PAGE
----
Tighearnmas—His Death—Introduces Colours as a Distinction of Rank—Silver Shields and Chariots first used—Reign of Ugaine Mor—The Treachery of Cobhthach—Romantic Tales—Queen Mab—Dispute which led to the celebrated Cattle Spoil—The Story of the Tain bo Chuailgne—The Romans feared to invade Ireland—Tacitus—Revolt of the Attacotti—Reign of Tuathal—Origin of the Boromean Tribute.
Our annals afford but brief details from the time of Eremon to that of Ugaine Mor. One hundred and eighteen sovereigns are enumerated from the Milesian conquest of Ireland (according to the Four Masters, B.C. 1700) to the time of St. Patrick, A.D. 432. The principal events recorded are international deeds of arms, the clearing of woods, the enactment of laws, and the erection of palaces.
Tighearnmas, one of these monarchs, is said to have introduced the worship of idols into Ireland. From this it would appear, that the more refined Magian, or Sun-worship, had prevailed previously. He died, with “three-fourths” of the men of Ireland about him, on the night of Samhain, while worshipping the idol called Crom Cruach, at Magh Slacht, in Breifne. Tighearnmas reigned seventy-five years. He is said to have been the first who attempted the smelting of gold in Ireland; and the use of different colours, as an indication of rank, is also attributed to him.
Silver shields were now made (B.C. 1383) at Airget-Ros, by Enna Airgtheach, and four-horse chariots were first used in the time of Roitheachtaigh, who was killed by lightning near the Giant’s Causeway. Ollamh Fodhla (the wise or learned man) distinguished himself still more by instituting triennial assemblies at Tara. Even should the date given by the Four Masters (1317 B.C.) be called in question, there is no doubt of the fact, which must have occurred some centuries before the Christian era; and this would appear to be the earliest instance of a national convocation or parliament in any country. Ollamh Fodhla also appointed chieftains over every cantred or hundred, he constructed a rath at Tara, and died there in the fortieth year of his reign.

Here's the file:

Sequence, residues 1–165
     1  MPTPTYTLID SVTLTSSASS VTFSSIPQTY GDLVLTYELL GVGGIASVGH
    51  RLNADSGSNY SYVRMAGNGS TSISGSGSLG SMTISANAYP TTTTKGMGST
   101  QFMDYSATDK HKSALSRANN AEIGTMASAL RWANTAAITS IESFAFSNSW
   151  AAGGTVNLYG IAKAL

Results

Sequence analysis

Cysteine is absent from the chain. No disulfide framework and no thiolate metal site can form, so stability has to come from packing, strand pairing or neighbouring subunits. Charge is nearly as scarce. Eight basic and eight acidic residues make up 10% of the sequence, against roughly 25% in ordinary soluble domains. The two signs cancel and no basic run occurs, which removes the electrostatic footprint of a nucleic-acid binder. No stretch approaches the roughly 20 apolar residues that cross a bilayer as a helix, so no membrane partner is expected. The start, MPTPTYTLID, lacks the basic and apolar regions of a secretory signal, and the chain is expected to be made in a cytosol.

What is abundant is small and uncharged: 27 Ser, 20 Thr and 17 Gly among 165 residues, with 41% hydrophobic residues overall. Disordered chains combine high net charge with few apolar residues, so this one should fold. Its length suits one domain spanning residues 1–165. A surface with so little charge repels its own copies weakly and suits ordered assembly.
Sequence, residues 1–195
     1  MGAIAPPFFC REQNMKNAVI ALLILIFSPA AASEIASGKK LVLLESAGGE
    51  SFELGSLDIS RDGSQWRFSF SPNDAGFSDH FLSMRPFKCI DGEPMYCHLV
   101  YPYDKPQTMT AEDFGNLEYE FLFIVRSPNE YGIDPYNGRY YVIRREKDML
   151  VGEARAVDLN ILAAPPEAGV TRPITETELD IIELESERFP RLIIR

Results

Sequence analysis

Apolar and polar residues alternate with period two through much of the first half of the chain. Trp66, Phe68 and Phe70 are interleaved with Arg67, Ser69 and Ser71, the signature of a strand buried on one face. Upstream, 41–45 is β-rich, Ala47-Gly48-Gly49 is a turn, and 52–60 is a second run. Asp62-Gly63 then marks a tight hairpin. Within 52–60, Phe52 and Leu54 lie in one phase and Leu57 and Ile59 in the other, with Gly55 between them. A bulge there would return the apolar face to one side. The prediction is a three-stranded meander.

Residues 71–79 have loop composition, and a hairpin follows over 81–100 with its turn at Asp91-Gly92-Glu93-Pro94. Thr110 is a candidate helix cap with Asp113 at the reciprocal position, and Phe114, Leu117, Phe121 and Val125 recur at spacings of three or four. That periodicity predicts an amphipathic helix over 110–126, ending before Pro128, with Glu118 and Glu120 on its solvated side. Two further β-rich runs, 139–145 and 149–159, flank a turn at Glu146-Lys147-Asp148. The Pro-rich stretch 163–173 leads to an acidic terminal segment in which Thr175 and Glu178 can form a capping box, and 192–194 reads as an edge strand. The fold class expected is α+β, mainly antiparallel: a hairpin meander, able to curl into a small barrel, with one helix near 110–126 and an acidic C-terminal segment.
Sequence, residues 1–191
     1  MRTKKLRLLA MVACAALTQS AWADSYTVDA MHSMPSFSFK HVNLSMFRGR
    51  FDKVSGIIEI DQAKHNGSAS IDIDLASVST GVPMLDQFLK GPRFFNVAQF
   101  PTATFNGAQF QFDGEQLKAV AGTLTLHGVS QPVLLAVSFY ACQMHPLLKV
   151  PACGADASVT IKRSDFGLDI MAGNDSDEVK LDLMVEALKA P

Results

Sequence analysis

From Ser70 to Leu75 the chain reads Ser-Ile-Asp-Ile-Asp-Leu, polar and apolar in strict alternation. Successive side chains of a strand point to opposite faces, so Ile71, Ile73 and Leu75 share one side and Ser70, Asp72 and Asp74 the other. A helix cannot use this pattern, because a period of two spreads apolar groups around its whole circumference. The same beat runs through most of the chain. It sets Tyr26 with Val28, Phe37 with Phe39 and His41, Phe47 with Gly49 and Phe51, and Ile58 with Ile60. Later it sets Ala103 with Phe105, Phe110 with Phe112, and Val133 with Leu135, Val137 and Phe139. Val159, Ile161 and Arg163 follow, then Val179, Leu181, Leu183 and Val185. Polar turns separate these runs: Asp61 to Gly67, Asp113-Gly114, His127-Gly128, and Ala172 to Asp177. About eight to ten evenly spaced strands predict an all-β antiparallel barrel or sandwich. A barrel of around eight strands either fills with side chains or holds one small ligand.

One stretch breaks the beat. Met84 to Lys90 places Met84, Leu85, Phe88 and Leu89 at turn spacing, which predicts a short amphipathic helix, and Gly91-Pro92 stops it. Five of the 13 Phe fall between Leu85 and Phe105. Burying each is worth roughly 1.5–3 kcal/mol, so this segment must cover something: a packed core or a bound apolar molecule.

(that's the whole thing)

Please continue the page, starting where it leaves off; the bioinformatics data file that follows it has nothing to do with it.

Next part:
At the reign of Cimbaoth (B.C. 716) we come to that period which Tighernach considers the commencement of indisputably authentic history. It is strange that he should have selected a provincial chief, and a period in no way remarkable except for the building of the palace of Emania. But the student of Irish pre-Christian annals may be content to commence with solid foundation as early as seven centuries before Christ. The era was an important one in universal history. The Greeks had then counted sixteen Olympiads, and crowned Pythagoras the victor. Hippomenes was archon at Athens. Romulus had been succeeded by Numa Pompilius, and the foundations of imperial Rome were laid in blood by barbarian hordes.